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Corporate America’s case for developing, retaining, and advancing women in the workplace is strong and only continues to get stronger. It hasn’t always been this way, but despite the disparaging ratio of male to female business leaders nationwide, more women than ever are climbing the corporate ladder to join their male counterparts. Over the last 15 years, I’ve spent in tech, I’ve been continually inspired by the increase of female leaders who successfully reach the C-Suite in Silicon Valley.

According to a recent global survey of nearly 22,000 firms, companies with no women in leadership roles (CEO, board, and other C-suite positions) that increased female employees by 30% saw a one-percentage-point increase in the net margin — which translates to a 15% increase in profitability per firm.

Dozens of organizations in Silicon Valley have been started by women over the last decade and even more, have hired female CEOs and other execs. Having female senior leaders increases skill diversity within top management, which increases effectiveness in monitoring staff performance. It also lessens gender discrimination throughout the organization, which helps recruit, promote, and retain talent.

Female leaders are on a mission to break the “glass ceiling” by helping fellow women rise to the top, connecting people and firms, and promoting gender diversity. Motivating through inspirational keynotes, deep insight into tech trends and business strategy, technical classes, mentoring programs, and career development workshops, women are opening minds to new ideas by pushing boundaries and driving success.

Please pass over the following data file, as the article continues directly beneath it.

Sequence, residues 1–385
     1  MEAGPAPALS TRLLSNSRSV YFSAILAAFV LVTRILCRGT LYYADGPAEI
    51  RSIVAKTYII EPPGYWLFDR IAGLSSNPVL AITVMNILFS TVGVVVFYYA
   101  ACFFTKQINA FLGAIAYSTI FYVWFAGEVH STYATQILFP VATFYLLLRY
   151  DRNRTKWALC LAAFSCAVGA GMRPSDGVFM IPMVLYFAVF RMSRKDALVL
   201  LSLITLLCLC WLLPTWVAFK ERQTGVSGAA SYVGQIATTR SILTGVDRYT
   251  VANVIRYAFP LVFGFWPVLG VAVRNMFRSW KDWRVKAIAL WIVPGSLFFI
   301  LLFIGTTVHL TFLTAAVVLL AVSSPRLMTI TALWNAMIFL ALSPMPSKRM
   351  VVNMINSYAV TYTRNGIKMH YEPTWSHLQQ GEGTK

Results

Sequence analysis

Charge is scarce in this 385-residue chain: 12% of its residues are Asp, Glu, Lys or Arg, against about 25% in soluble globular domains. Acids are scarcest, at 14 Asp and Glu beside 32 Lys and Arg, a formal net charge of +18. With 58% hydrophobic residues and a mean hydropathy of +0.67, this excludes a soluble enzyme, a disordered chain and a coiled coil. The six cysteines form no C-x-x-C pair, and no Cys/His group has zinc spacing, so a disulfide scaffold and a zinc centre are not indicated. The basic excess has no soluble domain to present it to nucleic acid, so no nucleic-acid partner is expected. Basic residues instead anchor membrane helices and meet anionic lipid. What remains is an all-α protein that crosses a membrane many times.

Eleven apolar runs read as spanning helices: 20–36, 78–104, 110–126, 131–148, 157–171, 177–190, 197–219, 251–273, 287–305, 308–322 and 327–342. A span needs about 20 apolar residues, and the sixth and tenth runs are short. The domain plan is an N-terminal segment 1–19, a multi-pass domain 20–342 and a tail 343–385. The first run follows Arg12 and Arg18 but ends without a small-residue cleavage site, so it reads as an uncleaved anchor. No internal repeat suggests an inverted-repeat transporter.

As a woman, I am extremely proud to be a frontrunner on the Egnyte executive leadership team. As a leader, I personally feel responsible for empowering women to achieve their career goals.

Based on 15 years of professional experience, I want to share some advice with other women who are eager to learn and grow:

  1.   Be passionate about what you do.  Do what you love and love what you do. If you love what you do, you will remain curious to learn and your passion will be contagious.
  2.   Never stop learning. Take initiative to understand the whole process even if you are only assigned to a part of it. There is no better way to learn than to do it yourself.
  3.   Be ready for constant change because it is inherent in everything we do. Technologies evolve on a daily basis in Silicon Valley. Think out-of-the-box and try new ways of solving old problems. Embracing change allows us to grow and stay competitive.
  4.   Be bold and speak up. A few years ago, I was the only woman and the youngest person in executive meetings. I had a lot of ideas and thoughts but struggled to find my voice in the conference room. During my 1:1 with the CFO, he encouraged me to speak up more as he knew that I had valuable ideas and knowledge to contribute. I took it to heart and started making my thoughts heard. It felt great to participate, so I encourage others to speak up too.

On this International Women’s Day, please join me in celebrating the social, economic, cultural, and political contributions of women from everywhere. And let us remember the words of the great Maya Angelou:

                                                                      “I am a Woman Phenomenally. Phenomenal Woman, that’s me.”

 

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